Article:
And this brings me back to value-based purchasing.

The Next Phase: Purchasing Value

For those of you, like me, who struggle to comprehend what buying value actually means, take a few minutes to peruse Bryn Nelson’s cover story this month. Not only will it help you understand the healthcare reform bill, it will help you understand the future of our field. I’ve personally witnessed HM traverse three distinct phases.

In the late 1990s and early 2000s, HM growth was driven by the need to improve efficiency. In most ways, this was code for reducing costs. Hospital executives recognized that hospitalists could reduce the overall costs of a patient admission, thus turning the balance of the prospective payment into profit. In other words, the amount of money a hospital receives for a patient stay is most often fixed and determined up front (prospectively), such that more efficiently moving patients through the system equates to more profit (or less loss).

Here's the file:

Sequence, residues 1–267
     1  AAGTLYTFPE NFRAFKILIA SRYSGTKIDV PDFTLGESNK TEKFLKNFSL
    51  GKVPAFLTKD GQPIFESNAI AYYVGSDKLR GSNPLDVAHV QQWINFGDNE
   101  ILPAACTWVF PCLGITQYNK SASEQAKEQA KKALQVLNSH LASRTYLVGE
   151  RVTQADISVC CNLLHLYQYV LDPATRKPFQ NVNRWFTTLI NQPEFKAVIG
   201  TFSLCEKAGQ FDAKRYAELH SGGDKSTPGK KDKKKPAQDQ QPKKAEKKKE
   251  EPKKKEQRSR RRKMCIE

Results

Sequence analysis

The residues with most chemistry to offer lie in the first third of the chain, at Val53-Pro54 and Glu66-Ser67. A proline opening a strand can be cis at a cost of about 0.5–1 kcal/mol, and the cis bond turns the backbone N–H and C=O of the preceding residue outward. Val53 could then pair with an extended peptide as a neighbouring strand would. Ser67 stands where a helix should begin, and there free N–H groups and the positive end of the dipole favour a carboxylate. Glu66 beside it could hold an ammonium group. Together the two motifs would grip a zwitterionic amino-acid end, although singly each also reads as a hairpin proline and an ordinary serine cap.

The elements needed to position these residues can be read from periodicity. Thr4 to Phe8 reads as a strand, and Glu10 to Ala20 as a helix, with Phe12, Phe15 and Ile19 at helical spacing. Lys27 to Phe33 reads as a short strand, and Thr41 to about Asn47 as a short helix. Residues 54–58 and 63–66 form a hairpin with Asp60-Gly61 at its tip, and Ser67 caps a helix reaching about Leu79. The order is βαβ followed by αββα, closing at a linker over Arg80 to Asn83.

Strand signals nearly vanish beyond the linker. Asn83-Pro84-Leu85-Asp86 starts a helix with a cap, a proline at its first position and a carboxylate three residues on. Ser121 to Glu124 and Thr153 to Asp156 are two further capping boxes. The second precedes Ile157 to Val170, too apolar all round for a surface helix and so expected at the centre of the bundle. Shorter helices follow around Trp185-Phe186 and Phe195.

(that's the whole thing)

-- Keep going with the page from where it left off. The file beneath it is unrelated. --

This growth phase was quickly supplanted by the volume phase—a phase that was driven by the relative departure of primary-care physicians and subspecialists from the hospital. Although some of these doctors still admit their own patients, most of them now take advantage of hospitalist programs to focus their own practice to the outpatient or procedural arenas. Effectively, many of the other doctors have left the house, and hospitalists have had to back-fill this patient volume. To a certain degree, we are all still filling this need.

Connect the Dots

However, it is clear that the next HM driver is going to be quality. And it is programs like VBP that will drive it. Essentially, VBP means that hospitals will be competing with each other to be the best. By best, I mean “most able” to achieve pre-determined quality, safety, and patient-satisfaction indicators. By competing, I mean the reimbursement pie is fixed and those who achieve will get more, and those who fall short will get less.